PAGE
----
Magazine article African Business

Soludo Scoops Highest Award: The Governor of the Central Bank of Nigeria, Professor Soludo Was Presented with the World's Most Prestigious Banking Award at a Ceremony in London Last Month. African Business Editor Anver Versi Was There

Magazine article African Business

Soludo Scoops Highest Award: The Governor of the Central Bank of Nigeria, Professor Soludo Was Presented with the World's Most Prestigious Banking Award at a Ceremony in London Last Month. African Business Editor Anver Versi Was There

Article excerpt

At one of the most glittering African events in London so far this year, Professor Charles Soludo was presented with The Banker magazine's Global Central Banker of the Year award. This is the pinnacle in terms of achievement that the governor of any central bank can hope to achieve.

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In arriving at this most prestigious of global business awards, The Banker magazine selects five central bank governors, one each from Europe, Asia, Africa, the Middle East and Americas. Then a panel of judges picks one of the five as the Global Banker of the Year.

This is the first time that the governor of any African central bank has been so honoured. The Banker magazine, which has just celebrated its 80th birthday, is owned by the highly influential Financial Times group.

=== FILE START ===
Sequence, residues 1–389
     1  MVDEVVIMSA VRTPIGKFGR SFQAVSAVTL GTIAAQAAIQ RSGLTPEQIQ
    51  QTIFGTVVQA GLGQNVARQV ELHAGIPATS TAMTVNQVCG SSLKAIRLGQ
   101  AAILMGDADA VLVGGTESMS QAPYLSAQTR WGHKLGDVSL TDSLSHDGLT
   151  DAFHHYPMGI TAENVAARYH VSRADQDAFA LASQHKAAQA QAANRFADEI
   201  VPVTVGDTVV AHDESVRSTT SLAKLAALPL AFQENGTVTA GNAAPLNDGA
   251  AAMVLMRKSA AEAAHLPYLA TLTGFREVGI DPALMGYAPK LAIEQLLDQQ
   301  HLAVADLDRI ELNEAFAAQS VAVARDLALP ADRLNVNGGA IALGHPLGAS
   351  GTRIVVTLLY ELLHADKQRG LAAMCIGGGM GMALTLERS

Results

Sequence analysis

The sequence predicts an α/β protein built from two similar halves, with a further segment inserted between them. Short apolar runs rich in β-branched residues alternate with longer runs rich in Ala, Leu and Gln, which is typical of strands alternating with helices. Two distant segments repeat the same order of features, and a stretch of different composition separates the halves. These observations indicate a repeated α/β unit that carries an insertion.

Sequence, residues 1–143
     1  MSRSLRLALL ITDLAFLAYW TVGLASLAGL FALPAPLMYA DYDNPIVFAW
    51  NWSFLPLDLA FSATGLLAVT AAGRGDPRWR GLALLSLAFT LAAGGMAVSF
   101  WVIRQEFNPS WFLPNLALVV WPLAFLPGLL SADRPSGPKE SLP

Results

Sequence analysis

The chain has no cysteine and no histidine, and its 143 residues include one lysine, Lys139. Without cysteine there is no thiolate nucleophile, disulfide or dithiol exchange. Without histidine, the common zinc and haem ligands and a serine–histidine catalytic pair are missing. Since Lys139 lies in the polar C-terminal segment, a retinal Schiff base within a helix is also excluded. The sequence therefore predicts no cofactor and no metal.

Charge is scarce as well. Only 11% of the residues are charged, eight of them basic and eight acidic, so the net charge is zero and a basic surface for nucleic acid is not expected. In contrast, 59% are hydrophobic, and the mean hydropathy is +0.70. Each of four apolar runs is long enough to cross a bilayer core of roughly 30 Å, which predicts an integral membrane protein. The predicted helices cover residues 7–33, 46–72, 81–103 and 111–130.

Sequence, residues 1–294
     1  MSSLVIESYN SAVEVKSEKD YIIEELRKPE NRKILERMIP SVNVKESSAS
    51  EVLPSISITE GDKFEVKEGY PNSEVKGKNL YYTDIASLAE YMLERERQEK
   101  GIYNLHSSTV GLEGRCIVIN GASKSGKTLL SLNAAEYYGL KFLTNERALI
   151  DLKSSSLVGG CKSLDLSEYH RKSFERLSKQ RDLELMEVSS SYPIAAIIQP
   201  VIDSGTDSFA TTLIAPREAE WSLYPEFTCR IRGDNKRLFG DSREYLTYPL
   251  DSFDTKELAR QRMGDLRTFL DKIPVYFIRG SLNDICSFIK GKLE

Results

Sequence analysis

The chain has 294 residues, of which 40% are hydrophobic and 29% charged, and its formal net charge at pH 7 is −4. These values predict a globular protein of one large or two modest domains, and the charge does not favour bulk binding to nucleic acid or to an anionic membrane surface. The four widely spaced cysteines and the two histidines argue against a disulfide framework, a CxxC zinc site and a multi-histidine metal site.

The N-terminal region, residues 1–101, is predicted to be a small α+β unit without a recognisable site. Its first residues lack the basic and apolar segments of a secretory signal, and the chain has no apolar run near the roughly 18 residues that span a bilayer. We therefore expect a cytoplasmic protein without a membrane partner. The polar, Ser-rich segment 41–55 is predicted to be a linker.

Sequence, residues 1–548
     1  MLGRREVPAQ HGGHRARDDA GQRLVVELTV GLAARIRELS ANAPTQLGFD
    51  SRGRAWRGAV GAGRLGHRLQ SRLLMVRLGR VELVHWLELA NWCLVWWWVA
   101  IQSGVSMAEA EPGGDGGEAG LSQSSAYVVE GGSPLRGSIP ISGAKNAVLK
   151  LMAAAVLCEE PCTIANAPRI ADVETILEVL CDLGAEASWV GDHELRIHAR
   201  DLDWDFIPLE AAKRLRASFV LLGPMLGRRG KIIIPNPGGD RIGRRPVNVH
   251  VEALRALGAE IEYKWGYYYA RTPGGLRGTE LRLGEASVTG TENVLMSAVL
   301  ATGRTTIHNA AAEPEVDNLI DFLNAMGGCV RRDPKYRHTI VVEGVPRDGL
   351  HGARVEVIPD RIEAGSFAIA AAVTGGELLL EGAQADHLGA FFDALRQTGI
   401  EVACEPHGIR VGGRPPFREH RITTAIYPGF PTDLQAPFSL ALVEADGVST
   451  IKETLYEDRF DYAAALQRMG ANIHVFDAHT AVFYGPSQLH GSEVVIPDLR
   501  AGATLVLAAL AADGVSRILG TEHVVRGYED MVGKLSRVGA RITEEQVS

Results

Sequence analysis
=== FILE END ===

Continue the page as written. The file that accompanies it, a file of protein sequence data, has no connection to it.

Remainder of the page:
Soludo's award came as recognition of his 'extraordinary' success in driving through the most rigorous banking reform in the country's post-independence history. Speaking at the ceremony at London's Dorchester Hotel, Baroness Lynda Chalker of Wallasey, once Britain's International Development Secretary and now a member of the International Investment Council, said, "Two years ago, the Nigerian banking industry was a complete mess. Today, international companies are looking for loans from Nigerian banks--a situation that was unthinkable only a short while ago."

When Professor Soludo took up his appointment as governor of the Central Bank of Nigeria 18 months ago, there were 89 banks in the country. Most were undercapitalised, some were owned by businessmen as nothing more than personal portfolios, bad debts were endemic, internal abuse was rampant, bank collapses were so frequent they no longer made news and the whole industry had become a by-word for corruption.

Professor Soludo, who had never worked in a bank previously, was asked to clean out the Aegean stables by President Olusegun Obasanjo. …

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